>

And then there's still Siemens... I remember TELEPERM PID controllers having somthing similiar to a damping coefficient for the differential
part to avoid D playing too much a huge role when there are large transients. But the TELEPERM PID block is really a beast; print a schematic of it on an A4 (or legal) sheet, and you will still have problems recognizing all its internal parts without a magnifying glass.

Harald
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J

Johan Bengtsson

Most tuning methods won't work well without parameter conversion.

Most PID:s don't work this way witch means that the technician chaning the tuning will not get expected results from a parameter change he/she is used to do.

/Johan Bengtsson

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J

Johan Bengtsson

Yes, this is right, but how is the Igain and Dgain calculated?
Normally:

Pgain=gain
Igain=gain*timeStep/Itime
Dgain=gain*Dtime/timeStep

The input parameters (that the techican will see) to the PID is normally gain, Itime and Dtime

this means setting gain to 0 kills the entire controller.

Besides:

First you have an error, I think it is just a typing error but anyway (someone else might read this too) error = desired - actual (not divided by, difference)

and there are other implementations, a more "normal" implementation is to calculate the D part as D = (last_actual - actual) * Dgain
(ie a change in desired (ie setpoint) does not give you a change in D) it is in most cases a better implementation (but not always) what is most used is another debate and we could drop that.

Further there usually is a filter applied to the D part

Dfilt += (D-Dfilt) * filterAmount

Where filterAmount is a number >0 and <=0.5
and calculated as
filterAmount = timeStep/Dtime/leadQuote

leadQuote is a parameter changeable on some controllers and fixed on others and usually in the range 5 to 15, but this are not hard limits. A normal value is for some reason 9.

There are futher implementation issues but we can probably drop them for now, for example there should be a way of changing bewteen direct and reversed action, the transistion between manual and auto should be bumpless and other stuff.

/Johan Bengtsson

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J

Johan Bengtsson

The PID block in teleperm is one of the few that have the leadQuote (that is the damping coefficient you mention) that I mentioned in my other post as a paramter accessable from the HMI.

Yes it is a good one.


/Johan Bengtsson

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On Tue, Jul 17, 2001 at 09:39:52AM -0400, [email protected] wrote:
>
> BTW-all PID loops I have worked with also have a 4th term. This is generally
> refered to as bias, but I commonly use it as a feedforward value by
> calculating it to be something close to what the output ought to be (maybe
> 80% or so) and allowing the loop to get the rest of it from the error. Tends
> to reduce the wild swings you can get otherwise at startup.

In my PID implementations (derived from scratch, not following any particular standard) the bias is the output (the integral value) of the I term, and can also be used for feedforward or for manually influencing the loop. I think this leads to a simpler and more intuitive implementation than many that I've seen. The integral term can be thought to float the bias value up or down in proportion to error, and over the integral time timebase. Antiwindup is done by min & max limits on the bias value, before (usually) or after calculating the final P+I output for the loop. The bias can also be described as the zero-error-output value (assuming the D term is inactive).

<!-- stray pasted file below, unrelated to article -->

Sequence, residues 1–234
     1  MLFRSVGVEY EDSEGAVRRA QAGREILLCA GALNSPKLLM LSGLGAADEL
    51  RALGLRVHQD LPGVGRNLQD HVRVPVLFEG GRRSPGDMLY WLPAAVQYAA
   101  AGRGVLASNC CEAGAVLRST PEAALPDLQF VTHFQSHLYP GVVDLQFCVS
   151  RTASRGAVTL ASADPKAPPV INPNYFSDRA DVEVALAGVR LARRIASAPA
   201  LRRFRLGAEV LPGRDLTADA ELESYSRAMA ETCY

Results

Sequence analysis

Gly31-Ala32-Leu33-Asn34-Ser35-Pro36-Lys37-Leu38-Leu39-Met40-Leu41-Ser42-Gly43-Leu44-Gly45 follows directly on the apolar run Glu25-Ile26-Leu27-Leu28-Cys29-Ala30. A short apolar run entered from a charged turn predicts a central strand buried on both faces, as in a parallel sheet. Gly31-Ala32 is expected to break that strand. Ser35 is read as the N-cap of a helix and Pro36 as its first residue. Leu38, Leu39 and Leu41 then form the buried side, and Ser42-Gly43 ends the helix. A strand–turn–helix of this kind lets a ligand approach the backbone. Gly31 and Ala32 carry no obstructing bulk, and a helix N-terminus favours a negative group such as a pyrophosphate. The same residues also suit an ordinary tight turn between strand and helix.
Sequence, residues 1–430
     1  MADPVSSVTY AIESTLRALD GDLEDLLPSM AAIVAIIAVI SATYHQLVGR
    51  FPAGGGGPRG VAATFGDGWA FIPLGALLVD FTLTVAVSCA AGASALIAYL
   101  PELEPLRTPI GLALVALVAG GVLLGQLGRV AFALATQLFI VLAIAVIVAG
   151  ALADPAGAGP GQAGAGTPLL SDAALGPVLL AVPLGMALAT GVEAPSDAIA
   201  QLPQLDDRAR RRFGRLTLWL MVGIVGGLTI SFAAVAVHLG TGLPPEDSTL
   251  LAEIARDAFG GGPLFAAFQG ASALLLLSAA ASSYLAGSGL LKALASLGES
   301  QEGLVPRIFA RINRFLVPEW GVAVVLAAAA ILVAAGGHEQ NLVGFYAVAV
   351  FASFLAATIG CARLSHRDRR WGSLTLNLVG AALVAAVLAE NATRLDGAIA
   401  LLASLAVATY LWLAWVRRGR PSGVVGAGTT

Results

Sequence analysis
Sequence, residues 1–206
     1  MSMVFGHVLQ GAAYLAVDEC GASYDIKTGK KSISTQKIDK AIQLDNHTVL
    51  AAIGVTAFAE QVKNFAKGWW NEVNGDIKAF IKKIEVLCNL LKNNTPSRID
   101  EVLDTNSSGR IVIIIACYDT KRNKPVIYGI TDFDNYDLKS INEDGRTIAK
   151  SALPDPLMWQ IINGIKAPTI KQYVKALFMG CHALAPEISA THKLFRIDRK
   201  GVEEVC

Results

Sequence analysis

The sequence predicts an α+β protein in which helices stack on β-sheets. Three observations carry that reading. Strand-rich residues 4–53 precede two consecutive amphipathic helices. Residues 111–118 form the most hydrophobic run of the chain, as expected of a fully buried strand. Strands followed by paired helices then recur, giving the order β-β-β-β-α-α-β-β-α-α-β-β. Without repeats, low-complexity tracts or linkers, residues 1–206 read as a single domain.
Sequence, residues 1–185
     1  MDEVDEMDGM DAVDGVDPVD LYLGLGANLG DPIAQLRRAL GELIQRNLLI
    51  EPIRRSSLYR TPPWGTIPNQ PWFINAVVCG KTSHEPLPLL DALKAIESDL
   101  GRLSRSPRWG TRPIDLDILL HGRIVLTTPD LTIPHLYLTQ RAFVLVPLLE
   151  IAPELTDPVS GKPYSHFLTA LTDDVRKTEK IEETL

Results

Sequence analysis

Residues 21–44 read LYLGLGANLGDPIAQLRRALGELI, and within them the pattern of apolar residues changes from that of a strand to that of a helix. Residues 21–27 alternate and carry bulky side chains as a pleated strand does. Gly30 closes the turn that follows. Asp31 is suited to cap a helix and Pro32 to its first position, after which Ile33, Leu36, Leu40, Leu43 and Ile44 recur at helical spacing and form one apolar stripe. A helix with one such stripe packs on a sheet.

Just FWIW,

Ken

--
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> > Actually it won't work, at least not with normal PID equations It is
> > right that it is what the I part does, but P is logically put before
> > (or after) not parallel to the I block if you use the normal PID
> > equations, that means gain=0 effectively kills the entire PID, not just
> > the P part of it

Andrew:
> I've never run across this before... All the PID equations I use follow
...
> With this, the gains all work independently.

Suggestion:

error = (desired - actual) * masterGain;
P = error * Pgain;
I += error * Igain;
D = (error - last_error) * Dgain;
output = P+I+D;

That way those used to Mario's way ignore masterGain (set it to 1) and tune using Pgain, Igain and Dgain, and those used to the other way ignore Pgain and tune using masterGain, Igain and Dgain.

Most will probably tune using all four.

(Obviously with the corrections for varying timebase as Mario had them.)

Jiri
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J

Johan Bengtsson

Aprt from some facts:
- it is unstandard, people used to PID controllers
will not intuitively do the right thing when tuning and otherwise changing the parameters.
- Igain and Dgain is not times, what you enter as
integral parameter is either a time (most common)
or a 1/time (revolutions per minute) (less common)
and for D you always enter a time.

The implementation could be done like that, but the values for the various gains should normally be calculated from the real parameters rather than being the parameters.

There is one other slight drawback, this requires constant time between updates, something I don't think you actually will get in a PC, this might be possible to ignore if you make sure the average time is kept at the one used for
calculating the different gains.

To get integration (and derivation) separately I think this should be separate blocks availiable in the system. (That is where this thread started)

/Johan Bengtsson

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johan.bengtsson:
> There is one other slight drawback, this requires constant time between
> updates, something I don't think you actually will get in a PC, this
> might be possible to ignore if you make sure the average time is kept at
> the one used for calculating the different gains.

It's easy enough to put a correction for time into the formulas - I thought Mario had done it up-thread, but I can't find it now...

> error = (desired - actual) * masterGain;
> P = error * Pgain;
> I += error * Igain;

this becomes
I += error * Igain * time

> D = (error - last_error) * Dgain;

this becomes
I += (error - last_error) * Dgain / time

> output = P+I+D;


(This even gives Igain and Dgain the units you mentioned - Igain in Hz and Dgain in s.)

Jiri
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M

Mario de Sousa

Hey guys,

Sorry for not jumping in on the thread, but I don't have time to look into this at the moment. Maybe next week.

Cheers,

Mario.

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J

Johan Bengtsson

That is right (apart from some misstyping :) )
The Igain and Dgain should still be calculated as Igain=gain/Itime and Dgain=gain*Dtime and a filter applied to teh D part be implemented

Do you want me to try to implement a more full-blown PID controller (including bumpless transfer and so on)

I don't know when I would be able to do that but I could try to put that in the schedule :)

/Johan Bengtsson